NASA partnered with a small Silicon Valley business called Made in Space to make the 3-D printer. It's a kind of industrial robot that uses successive layers of material to make everything from tools to spare parts. It was recently installed at the International Space Station. And this week, Werkheiser says, it pumped out space's first 3-D printed object.
WERKHEISER: We actually 3-D printed a part of the printer itself to show that if we need replacement parts, or maybe one day in the future if the printer needs to print another printer, we can do that. It's a history-making moment for us because it's the first time ever that we're talking about transitioning from launching every part we might need in space from Earth to actually being able to email a file, a design, to space and make that part on demand.
WESTERVELT: So what specific things do you hope to be able to print? You mentioned general parts, but are there specific parts that wear out more than others that you're looking to be able to back up and replace quickly? What?
WERKHEISER: Sure, we actually have several categories of parts that we're interested in - things like standard crew tools and hand tools that can break or get worn out or get lost. Also the International Space Station is a world-class scientific laboratory. And just like with laboratories on the ground, you have a lot of syringes and tweezers and sample containers. Another kind of fun one to think about are things like small satellites.
WESTERVELT: Niki, you mention things like crew hand tools. But you still have to transport all that raw material into space. I mean, are you really saving that much room or time?
WERKHEISER: Thank you for asking. That's my favorite question, because as soon as we started talking about flying a 3-D printer, obviously we had the same exact concern and questions. We do immediately save some mass, if you start to replace some of the spare parts that you launch on orbit.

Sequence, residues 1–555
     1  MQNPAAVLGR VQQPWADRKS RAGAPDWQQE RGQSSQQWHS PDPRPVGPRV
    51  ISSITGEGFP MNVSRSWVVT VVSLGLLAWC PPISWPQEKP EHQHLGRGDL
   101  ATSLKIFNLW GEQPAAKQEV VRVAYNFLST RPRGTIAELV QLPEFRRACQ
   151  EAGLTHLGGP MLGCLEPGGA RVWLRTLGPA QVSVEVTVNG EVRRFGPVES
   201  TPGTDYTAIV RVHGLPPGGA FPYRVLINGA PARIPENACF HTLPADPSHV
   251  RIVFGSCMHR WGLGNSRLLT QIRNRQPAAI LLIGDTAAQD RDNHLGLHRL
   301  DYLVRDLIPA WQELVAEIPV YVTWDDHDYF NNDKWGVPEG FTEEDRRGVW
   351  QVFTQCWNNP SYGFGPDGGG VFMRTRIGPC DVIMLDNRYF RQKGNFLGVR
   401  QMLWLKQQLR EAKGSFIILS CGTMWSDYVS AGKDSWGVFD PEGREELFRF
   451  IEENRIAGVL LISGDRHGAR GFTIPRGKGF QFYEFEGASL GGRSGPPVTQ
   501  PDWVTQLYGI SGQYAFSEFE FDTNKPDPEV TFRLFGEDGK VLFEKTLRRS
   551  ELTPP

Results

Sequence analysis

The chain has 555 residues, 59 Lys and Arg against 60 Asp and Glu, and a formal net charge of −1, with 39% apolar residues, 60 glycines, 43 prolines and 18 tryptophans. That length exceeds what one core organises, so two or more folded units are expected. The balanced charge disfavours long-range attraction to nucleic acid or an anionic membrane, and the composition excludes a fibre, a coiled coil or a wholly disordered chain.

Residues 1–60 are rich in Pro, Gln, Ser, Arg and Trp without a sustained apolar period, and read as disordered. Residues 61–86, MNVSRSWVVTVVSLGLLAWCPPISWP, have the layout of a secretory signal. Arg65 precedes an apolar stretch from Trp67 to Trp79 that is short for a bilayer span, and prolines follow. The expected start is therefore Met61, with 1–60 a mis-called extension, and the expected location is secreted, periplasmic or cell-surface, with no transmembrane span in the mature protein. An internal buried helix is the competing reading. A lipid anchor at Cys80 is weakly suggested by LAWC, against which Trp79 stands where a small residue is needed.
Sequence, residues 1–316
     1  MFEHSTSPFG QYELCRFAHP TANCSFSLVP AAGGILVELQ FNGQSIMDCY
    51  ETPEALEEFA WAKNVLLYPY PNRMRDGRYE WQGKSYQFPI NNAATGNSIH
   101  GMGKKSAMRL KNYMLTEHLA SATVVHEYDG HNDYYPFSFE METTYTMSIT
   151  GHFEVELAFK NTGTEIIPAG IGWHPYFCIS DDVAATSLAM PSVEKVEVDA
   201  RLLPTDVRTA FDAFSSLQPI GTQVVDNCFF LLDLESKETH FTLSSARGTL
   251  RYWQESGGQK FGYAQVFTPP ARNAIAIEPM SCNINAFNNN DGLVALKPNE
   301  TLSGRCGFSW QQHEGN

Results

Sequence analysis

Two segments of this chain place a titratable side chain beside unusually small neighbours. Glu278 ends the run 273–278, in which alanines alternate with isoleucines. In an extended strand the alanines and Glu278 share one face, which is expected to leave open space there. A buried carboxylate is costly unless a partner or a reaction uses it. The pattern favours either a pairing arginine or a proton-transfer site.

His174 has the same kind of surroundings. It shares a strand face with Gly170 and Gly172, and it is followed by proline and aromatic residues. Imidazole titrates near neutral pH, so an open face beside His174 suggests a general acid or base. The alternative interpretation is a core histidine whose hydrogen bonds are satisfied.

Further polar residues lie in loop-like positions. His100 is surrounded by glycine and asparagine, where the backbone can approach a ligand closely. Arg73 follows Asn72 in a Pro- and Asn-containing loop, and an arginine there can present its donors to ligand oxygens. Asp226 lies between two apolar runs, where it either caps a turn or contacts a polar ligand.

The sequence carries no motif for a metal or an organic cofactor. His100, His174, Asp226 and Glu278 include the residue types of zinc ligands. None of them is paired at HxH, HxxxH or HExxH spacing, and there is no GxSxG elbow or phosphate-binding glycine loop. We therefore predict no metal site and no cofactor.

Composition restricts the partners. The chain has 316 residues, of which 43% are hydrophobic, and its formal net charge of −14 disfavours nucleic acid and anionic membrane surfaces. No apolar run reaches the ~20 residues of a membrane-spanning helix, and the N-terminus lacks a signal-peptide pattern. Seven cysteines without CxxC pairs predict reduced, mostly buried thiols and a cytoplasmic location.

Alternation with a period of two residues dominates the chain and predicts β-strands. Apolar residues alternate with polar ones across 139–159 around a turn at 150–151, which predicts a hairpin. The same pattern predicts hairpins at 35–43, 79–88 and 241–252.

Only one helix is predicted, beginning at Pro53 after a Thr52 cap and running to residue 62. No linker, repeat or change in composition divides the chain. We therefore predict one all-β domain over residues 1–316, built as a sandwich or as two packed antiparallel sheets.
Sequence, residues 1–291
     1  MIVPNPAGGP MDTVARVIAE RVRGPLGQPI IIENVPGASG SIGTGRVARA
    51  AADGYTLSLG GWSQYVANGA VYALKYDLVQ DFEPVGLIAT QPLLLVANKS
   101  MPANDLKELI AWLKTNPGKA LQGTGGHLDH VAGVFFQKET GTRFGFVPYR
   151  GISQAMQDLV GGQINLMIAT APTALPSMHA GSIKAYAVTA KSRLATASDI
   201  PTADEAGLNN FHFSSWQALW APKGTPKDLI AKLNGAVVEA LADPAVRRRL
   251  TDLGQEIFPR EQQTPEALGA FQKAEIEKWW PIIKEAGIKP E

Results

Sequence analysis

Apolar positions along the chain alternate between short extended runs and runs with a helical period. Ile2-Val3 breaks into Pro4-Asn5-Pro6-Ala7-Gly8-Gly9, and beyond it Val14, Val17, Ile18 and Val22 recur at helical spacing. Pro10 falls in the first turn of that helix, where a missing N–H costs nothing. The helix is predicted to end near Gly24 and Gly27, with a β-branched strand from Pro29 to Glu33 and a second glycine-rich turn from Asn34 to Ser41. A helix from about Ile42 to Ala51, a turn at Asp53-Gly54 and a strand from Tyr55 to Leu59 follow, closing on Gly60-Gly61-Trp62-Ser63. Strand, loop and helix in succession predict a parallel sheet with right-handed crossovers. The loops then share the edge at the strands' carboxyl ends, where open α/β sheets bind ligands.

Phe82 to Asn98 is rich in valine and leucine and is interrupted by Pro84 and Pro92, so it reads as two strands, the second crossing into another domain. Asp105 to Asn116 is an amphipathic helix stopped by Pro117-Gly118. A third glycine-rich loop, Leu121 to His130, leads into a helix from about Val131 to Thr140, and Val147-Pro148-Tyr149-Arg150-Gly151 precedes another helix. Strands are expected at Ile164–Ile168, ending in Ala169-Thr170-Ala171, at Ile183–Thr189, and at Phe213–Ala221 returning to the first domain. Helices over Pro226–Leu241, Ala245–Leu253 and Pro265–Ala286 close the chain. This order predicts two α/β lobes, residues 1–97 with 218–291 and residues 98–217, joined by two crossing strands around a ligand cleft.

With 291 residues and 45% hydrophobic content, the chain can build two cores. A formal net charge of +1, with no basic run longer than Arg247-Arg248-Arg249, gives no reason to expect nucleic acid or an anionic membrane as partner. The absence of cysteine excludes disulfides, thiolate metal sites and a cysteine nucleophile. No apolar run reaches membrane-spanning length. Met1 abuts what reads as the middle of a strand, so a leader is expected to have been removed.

But you're absolutely right. And so in early 2014, we actually awarded two small business innovation research awards to develop an in-space recycler that will actually take the 3-D printed parts and recycle those back into usable feedstock.
And just a couple of weeks ago, we released the call for the next round of recyclers, which will actually be able to turn our launch packaging into usable feedstock to 3-D print with. We will be flying back the first kind of samples that we print to Earth to do a detailed engineering analysis and compare to see if there's any differences in the final products than what we print on the ground.
WESTERVELT: This sounds really cool, but there are some implications here. I mean, how important is this for the future of long-term space exploration?
WERKHEISER: If we're going to explore longer-term exploration missions such as to Mars or to asteroids, we really can't be dependent on launching every single item we might ever need from Earth. We will need to be able to make what we need when we need it on demand. And this is the first step to establishing those capabilities.
WESTERVELT: I know when I pack for asteroid travel, I always pack a 3-D printer.
WERKHEISER: (Laughter) Oh, next time you go, you certainly will. We'll have it ready.
WESTERVELT: Niki Werkheiser is the project manager for the International Space Station 3-D printer at NASA's Marshall Space Flight Center in Huntsville, Alabama. Niki, thanks for coming in.
WERKHEISER: Thank you so much. Transcript provided by NPR, Copyright NPR.